“You’re positive?”

“Of course he is,” Mackenzie said. “My father doesn’t say things he doesn’t mean, isn’t that right, Dad?”

“Right.” He sounded less confident this time.

Carrie was half tempted to let him take the kids on his own but changed her mind. Doug had a point; a movie would be a great way to relax after the hectic activity of the morning.

The five of them would be at the show together—and what could be more innocent? But the moment they entered the theater and had purchased their popcorn, the three kids promptly found seats several rows away from Philip and Carrie.

“But I thought we’d all sit together,” Carrie said, loudly enough for Doug and Dillon to hear. Desperation echoed in her voice.

“That’s for little kids,” six-year-old Dillon turned around to inform her.

With the theater filling up fast, the option of sitting together soon disappeared. Carrie settled uneasily next to Philip. Neither spoke. He didn’t seem any happier about this than she was.

“Do you want some popcorn?” Philip offered, tilting the overflowing bucket in her direction.

“No, thanks,” she whispered, and glanced at her watch, wondering how much longer it would be before the movie started. “I certainly hope you don’t think I arranged this,” she whispered.

“Arranged what?”

“The two of us sitting together.” She’d hate to have him accuse her of anything underhanded, which, given his apparent penchant for casting blame, he was likely to do. On the other hand, she was the one who’d unwittingly put the matchmaking notion in Mackenzie’s head. What a fool she’d been not to realize the impressionable teenager would pick up on the ploy she’d used on her own mother.

“Why would I blame you?” he asked, sounding exasperated.

“Might I remind you of our last conversation?” she said stiffly. “You seemed to think there was some danger of me, uh, seducing you.”

Philip laughed out loud and didn’t look the least bit repentant. “It wasn’t myself I was worried about,” he explained. “I was afraid of Mackenzie making both our lives miserable. If I seemed rude earlier, I apologize, but I was protecting us from the wiles of my headstrong daughter.”

That wasn’t how Carrie remembered it…...

“I’m not going to let my daughter do my courting for me,” he said, as though that explained everything. “Now relax and enjoy the movie.” He tilted the popcorn her way again, and this time Carrie helped herself.

The theater lights dimmed as twenty minutes of previews began.

Somewhat to Carrie’s surprise, she loved the movie, which was an animated feature. She was soon completely immersed in the plot. Philip laughed in all the places she did and whatever tension existed between them melted away with their shared enjoyment.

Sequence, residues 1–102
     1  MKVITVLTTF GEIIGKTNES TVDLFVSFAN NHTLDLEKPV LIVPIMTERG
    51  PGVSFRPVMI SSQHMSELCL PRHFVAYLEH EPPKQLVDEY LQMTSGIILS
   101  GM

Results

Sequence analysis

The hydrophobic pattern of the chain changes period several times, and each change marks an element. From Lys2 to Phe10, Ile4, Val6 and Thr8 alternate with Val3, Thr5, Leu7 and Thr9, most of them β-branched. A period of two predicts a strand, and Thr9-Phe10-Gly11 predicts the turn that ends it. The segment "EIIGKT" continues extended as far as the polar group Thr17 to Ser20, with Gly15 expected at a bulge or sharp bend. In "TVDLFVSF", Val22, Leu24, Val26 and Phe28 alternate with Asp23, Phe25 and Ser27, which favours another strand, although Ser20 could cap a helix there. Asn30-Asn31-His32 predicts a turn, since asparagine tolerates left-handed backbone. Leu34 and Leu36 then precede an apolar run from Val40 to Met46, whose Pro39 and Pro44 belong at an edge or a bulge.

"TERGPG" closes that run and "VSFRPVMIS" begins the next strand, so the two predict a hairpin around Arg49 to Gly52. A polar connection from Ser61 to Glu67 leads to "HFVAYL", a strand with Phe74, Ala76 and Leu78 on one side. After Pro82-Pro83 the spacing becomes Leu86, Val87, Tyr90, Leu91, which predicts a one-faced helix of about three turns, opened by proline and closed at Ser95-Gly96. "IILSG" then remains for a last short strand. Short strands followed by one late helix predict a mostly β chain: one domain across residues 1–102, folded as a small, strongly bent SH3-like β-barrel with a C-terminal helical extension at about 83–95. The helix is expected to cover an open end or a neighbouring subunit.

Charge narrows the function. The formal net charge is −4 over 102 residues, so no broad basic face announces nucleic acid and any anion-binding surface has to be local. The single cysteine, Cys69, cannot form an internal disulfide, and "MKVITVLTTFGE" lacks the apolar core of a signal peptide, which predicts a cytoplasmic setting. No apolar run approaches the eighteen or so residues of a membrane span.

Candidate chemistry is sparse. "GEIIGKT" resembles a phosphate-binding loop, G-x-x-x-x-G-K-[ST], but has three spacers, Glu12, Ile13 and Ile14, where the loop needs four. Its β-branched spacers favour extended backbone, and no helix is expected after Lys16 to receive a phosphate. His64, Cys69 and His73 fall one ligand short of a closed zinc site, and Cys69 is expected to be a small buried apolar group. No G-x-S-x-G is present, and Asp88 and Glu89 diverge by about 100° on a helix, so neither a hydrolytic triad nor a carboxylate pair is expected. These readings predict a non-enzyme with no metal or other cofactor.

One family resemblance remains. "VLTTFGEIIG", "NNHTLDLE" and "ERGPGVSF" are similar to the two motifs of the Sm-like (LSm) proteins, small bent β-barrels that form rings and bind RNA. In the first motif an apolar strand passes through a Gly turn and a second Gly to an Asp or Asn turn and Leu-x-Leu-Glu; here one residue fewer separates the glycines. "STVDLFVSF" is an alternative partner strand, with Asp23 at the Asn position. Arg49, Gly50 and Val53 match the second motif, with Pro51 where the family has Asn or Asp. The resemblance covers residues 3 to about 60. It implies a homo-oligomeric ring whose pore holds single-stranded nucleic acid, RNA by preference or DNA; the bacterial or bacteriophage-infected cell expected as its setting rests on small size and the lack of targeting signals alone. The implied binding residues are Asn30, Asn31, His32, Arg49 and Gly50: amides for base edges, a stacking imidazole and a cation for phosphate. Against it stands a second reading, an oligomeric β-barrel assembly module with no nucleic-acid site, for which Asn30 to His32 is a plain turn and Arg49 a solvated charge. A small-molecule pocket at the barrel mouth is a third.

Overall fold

When the movie ended, Carrie was sorry there wasn’t more. While it was true that she’d enjoyed the story, she also found pleasure sitting with Philip. In fact, she liked him. She’d almost prefer to find something objectionable about him—a nervous habit, a personality trait she disliked, his attitude. Something. Anything that would distract from noticing how attractive he was.

He’d made it as plain as possible that he wasn’t interested in a relationship with her. With anyone, if that was any comfort. It wasn’t. She wanted him to be cold and standoffish, brusque and businesslike. The side of him she’d seen at the movie was laid-back and fun-loving. But she knew Philip hadn’t developed a sudden desire to escort his daughter to the movies. He’d offered because of Mackenzie’s disappointment over her mother’s lack of sensitivity. He loved his daughter and wanted to protect her from the pain only a selfish parent could inflict on a child.

“This was a nice thing you did,” she said as they exited the theater. The kids raced on ahead of them toward the parking lot. “It helped take Mackenzie’s mind off not hearing from her mother.”

“I’m not so sure it was a good idea,” he muttered, dumping the empty popcorn container in the garbage can on their way out the door.

“Why not?”

He turned and stared at her. “Because I find myself liking you.”

Her reaction must have shone in her eyes, because his own narrowed fractionally. “You felt it, too, didn’t you?”

She wanted to lie. But she couldn’t. “Yes,” she whispered.

“I’m not right for you,” he said.

“In other words, I’m wrong for you.”

He didn’t answer her for a long time. “I don’t want to hurt you, Carrie.”

“Don’t worry,” she answered brightly, “I won’t let you.”

 

Five

“What do you think?” Mackenzie proudly held up a crochet hook with a lopsided snowflake dangling from it. “Carrie’s whole tree is decorated with snowflakes she crocheted,” she added. “Her grandma Manning taught her to crochet when she was about my age.” She wound the thread around her index finger and awkwardly manipulated the hook.

“It’s lovely, sweetheart.”

“Mom’ll be pleased, won’t she.” Mackenzie turned the question into a statement, so certain was she of his response.

“She’ll be thrilled.” Philip’s jaw tightened at the mention of Laura. His ex-wife had contacted Mackenzie and arranged a time for their daughter to visit her. Ever since she’d heard from her mother, Mackenzie had been walking five feet off the ground. Philip didn’t know what he’d do if Laura didn’t show. He wouldn’t put it past her, but he prayed she wouldn’t do anything so cruel.